Wednesday, October 22, 1997
Flynt might hasten revitalization

The Cincinnati Enquirer

Roll out the red carpet. Larry Flynt's back in town. And he just might save our city.

Larry Flynt
| ZOOM |
The old porn peddler, a bloated, red-headed toad of a man, opens his dirty bookstore at 8 a.m. today in the heart of town.

Larry's smut shop - Hustler News & Gifts - occupies the old King's News, a run-down haven of longstanding for dirty magazines. It's on Sixth Street, across the street from Fountain Square, next to Batsakes' dry cleaners and just around the corner from the Aronoff Center, a potent symbol of downtown's rebirth.

Granted, a dirty bookstore is not one of the trophy retailers we had hoped to land for downtown.

It may be an embarrassing kick in the pants. But it has galvanized long-dormant aspects of downtown's revitalization.

A Hustler store will bring more people downtown. But only for a one-time, drive-by gawk. After they're gone, we're stuck with Larry.

At least one of his new neighbors is not worried. Before the latest battle in the city's war on smut is over, Jim Batsakes - co-owner with his brother, George, of J&G Batsakes Dry Cleaners - said, "This could be good for Cincinnati. It could get things moving."

He was not talking about moving copies of Hustler. He was talking about dunderheads sitting in offices. Instead of doing something, they stare out windows and dream about downtown development.

What's needed is an aggressive plan for attracting high-end stores such as Nordstrom and Crate & Barrel. And action.

Odd as it may seem, Larry Flynt is acting as the missing catalyst for action downtown. He moved city council to get off its collective duff and put on a rare display of unity.

Council hurriedly called an emergency hand-wringing session Tuesday to see what could be done about the red-haired menace. In a matter of minutes, and by a 9-0 vote, it closed a loophole in a piece of legislation that might someday put the Hustler store out of business. If only they could move that quickly on remodeling the riverfront. Over the next few days, council's sure to ask questions.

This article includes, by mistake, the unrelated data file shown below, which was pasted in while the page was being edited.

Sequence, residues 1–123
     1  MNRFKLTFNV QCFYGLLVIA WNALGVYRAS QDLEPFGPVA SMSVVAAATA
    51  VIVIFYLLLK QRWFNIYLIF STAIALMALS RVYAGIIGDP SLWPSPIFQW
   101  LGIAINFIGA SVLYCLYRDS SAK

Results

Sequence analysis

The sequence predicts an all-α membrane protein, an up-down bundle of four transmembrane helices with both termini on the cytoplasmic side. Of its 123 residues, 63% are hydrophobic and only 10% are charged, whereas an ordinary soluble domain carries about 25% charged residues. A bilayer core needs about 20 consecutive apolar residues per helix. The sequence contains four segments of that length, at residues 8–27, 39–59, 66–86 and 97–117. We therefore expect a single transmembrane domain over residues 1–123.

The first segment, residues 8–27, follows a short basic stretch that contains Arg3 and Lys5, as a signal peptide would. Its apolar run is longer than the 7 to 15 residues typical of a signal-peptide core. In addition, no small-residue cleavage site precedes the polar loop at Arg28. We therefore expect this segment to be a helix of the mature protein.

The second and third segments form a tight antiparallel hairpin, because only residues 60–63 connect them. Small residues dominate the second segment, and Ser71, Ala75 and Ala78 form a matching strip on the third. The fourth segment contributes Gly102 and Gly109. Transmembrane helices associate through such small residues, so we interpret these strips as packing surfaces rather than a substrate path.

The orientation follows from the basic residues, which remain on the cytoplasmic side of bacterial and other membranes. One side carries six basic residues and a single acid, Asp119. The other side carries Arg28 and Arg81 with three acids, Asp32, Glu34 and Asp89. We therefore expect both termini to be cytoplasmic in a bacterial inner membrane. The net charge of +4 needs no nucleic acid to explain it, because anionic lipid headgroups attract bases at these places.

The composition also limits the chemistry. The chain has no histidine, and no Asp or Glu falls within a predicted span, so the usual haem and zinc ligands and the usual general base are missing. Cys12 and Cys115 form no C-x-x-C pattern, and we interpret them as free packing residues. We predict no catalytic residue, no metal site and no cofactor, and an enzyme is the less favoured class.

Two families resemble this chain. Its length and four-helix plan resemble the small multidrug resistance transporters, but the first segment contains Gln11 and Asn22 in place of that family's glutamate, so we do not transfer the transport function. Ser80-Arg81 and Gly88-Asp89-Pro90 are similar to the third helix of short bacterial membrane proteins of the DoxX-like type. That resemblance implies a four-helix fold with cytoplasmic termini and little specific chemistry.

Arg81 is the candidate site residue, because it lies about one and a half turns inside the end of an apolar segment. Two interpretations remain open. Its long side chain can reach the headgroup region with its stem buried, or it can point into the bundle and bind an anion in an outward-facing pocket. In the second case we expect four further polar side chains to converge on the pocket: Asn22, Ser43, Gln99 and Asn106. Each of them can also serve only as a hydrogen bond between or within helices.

How did this happen? How can we make it go away? Whose fault is it? And why didn't we move faster to set up that porno ghetto? (That's the sexually oriented business district Councilman Phil Heimlich wants to place among the ash-heaps of Queensgate.)

But such things are trifles compared with the ultimate benefit this business brings to our city. Larry Flynt's bookstore delivers a much-needed wake-up call to Cincinnati's sleepy downtown improvement plans.

It also issues a fair warning: This is what happens when you let storefronts sit empty while you plan, dicker, debate and dither. Empty stores in a city's downtown are like broken teeth in a smile. Ignore them and decay sets in.

There has been progress downtown. The Aronoff is up and running. Show Boat's packing them in. There's life down there. The restaurants in the Backstage area are busy.

But we can't lose our focus. We need to build on what we've accomplished. Thinking about what good could come of Larry Flynt's bookstore, Jim Batsakes said:

"Maybe this will hasten the city's plans to move the Contemporary Arts Center here." His family's shop has long been discussed as the site for a new center.

If the Contemporary Arts Center moves in, the Hustler building and the McDonald's next to it will go, too.

So maybe they'll finally get serious and develop downtown, instead of just talk about it.

If that happens, we can thank Larry Flynt.

Maybe the mayor will give him the key to the city.

Along with a one-way ticket out of town.

Cliff Radel's column appears in The Enquirer Monday, Wednesday and Friday. Call 768-8379 or fax at 768-8340.